You’re Still Not Getting It, But You’re Hardly Alone: The Realities of Local News

Over the past 10 years, and especially in recent months, we have tried to do our part to help you understand how the decimation in media jobs affects PR. By reading this, maybe you get it better than most. But given the flow of PR sewage to journalist inboxes we wrote about about just a week ago, too few get it.

Case in point, research from the respected Pew Institute shows “71% of Americans believed local news outlets were doing well financially.” That may be an all-time perception-reality gap, one that we see virtually every week, as we have to still explain to clients why there’s literally no reporter covering what they think is still important.

That stat and much more is revealed in a comprehensive look at local news finances in the Wall Street Journal. Given the same Pew study shows only 14% of news consumers actually pay for news and the Journal requires payment for online reading, chances are you didn’t read it. We pay for that and several other publications, so we can share some highlights for you. This is information from this piece that we suggest you keep in mind while evaluating the realities of how news coverage should be a part of your PR plans:

-A Harvard researcher believes that half of the local newspapers that survived the past 10 years will fold by 2021. That’s only two years away.

-Google and Facebook, with their precision-targeting, receive 77 cents of every local digital ad dollar. Your local news outlets are fighting for survival over the other 23 cents.

-Gannett, the largest owner and operator of local newspapers estimates only 1.4% of its readers pay a subscription. They rest read for free online, supported by whatever ad dollars can be gleaned from Google and Facebook leftovers.

-The Journal, along with the New York Times, the Washington Post and a few others, that have kept large newsrooms funded by digital subscribers, are the outliers.

-The newspaper survival tactic of serving as a “marketing partner” to its advertisers has largely been a flop. The Journal says profit margins have been “slim.” That’s no surprise to those of us who run actual marketing partner businesses.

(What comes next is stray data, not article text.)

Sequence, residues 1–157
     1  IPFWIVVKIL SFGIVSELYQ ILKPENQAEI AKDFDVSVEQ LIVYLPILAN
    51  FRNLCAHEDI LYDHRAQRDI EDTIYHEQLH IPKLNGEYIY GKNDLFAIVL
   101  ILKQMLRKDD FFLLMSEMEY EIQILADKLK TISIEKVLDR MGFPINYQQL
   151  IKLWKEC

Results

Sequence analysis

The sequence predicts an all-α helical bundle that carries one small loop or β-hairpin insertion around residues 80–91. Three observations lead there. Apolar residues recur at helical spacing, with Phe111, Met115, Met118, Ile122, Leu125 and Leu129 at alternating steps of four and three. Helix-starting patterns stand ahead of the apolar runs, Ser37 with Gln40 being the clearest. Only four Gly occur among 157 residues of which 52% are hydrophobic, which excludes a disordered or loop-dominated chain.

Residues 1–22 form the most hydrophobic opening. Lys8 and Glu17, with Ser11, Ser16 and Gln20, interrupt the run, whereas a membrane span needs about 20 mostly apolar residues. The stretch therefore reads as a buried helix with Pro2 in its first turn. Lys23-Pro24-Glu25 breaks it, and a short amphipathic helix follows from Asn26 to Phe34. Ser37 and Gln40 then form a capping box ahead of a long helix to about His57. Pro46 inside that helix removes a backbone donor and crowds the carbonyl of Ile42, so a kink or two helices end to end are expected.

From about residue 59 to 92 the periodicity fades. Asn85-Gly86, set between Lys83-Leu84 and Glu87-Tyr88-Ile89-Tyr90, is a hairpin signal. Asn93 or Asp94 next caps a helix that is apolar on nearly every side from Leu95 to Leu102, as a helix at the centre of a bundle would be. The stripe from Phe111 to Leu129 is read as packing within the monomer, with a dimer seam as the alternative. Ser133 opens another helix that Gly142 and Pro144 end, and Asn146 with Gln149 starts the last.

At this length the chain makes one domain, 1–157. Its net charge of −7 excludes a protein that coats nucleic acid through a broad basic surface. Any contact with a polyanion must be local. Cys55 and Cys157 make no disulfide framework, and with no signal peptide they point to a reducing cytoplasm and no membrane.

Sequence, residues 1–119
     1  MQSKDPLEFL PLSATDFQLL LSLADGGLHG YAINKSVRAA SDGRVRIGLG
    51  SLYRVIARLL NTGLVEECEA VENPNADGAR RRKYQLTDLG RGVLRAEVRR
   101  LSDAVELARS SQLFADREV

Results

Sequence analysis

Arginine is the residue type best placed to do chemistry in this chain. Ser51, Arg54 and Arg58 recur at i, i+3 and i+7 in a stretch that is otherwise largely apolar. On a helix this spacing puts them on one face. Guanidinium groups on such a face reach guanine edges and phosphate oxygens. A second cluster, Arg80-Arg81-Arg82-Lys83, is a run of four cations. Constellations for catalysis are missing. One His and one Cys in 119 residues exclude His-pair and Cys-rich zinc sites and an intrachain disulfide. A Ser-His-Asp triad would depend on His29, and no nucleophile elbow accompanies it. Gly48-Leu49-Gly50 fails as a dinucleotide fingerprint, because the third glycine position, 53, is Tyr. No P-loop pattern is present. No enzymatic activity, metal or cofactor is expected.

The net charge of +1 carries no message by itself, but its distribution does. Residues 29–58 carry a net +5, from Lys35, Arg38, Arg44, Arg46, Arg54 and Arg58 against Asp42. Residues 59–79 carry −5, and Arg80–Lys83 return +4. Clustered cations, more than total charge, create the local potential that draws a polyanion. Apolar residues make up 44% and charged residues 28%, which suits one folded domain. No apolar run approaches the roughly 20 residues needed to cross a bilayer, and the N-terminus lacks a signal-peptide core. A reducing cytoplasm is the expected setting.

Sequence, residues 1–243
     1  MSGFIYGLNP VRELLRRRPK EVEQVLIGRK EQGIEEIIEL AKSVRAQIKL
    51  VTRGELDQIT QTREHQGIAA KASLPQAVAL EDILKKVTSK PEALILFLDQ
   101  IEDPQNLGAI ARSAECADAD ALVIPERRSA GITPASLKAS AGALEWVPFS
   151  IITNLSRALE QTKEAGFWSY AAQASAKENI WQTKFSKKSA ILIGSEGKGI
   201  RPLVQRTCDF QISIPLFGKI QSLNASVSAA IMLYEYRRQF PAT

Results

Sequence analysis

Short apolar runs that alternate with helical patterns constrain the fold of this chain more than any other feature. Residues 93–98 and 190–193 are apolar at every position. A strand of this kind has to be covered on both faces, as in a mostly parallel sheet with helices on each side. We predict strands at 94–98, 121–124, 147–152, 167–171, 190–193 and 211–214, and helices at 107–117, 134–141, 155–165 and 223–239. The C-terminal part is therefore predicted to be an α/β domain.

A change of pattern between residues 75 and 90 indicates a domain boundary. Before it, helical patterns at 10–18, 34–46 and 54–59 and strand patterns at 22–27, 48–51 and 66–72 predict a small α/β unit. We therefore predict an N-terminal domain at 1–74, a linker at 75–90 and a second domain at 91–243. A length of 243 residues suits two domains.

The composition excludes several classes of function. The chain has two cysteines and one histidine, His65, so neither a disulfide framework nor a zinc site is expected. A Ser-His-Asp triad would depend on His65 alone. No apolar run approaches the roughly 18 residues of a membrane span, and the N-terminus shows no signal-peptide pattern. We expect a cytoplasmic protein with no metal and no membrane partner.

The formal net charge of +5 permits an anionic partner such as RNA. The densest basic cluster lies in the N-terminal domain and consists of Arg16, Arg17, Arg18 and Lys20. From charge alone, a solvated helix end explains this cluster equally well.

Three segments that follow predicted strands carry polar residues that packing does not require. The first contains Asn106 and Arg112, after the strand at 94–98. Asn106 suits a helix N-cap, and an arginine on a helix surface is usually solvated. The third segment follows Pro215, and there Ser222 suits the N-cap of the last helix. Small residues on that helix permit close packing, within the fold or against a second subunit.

-Philanthropy and nonprofit models are providing effective maintainers and even enrichers of local news in some markets. However, the dollars pouring into nonprofit media make up for just a small fraction of the revenue lost to commercial local media in recent years.

Contrary to the political bluster, this situation isn’t caused by “fake news” or perceived bias. It has been caused by economic and technological forces, intensified by poor business decision-making by short-term thinking public corporations. This has happened to other industries in history, but none with this sort of role in our society.

Putting aside the implications for the PR business for a moment, here’s an example of how it affects everyone. I’ve seen a grand total of one sign in my neighborhood about a school election this week. I’ve seen exactly one Facebook ad about it. I’ve read nothing about it in local media. The twice-weekly paper that used to serve the town I live in was closed by Gannett years ago. 48 hours before the election, I’m essentially uninformed. That’s probably good news for the school district pushing whatever funding in wants in this hidden special election.

Here’s a handy talking point when explaining to an executive when his or her “news” won’t be covered. Even some school funding elections don’t get coverage anymore.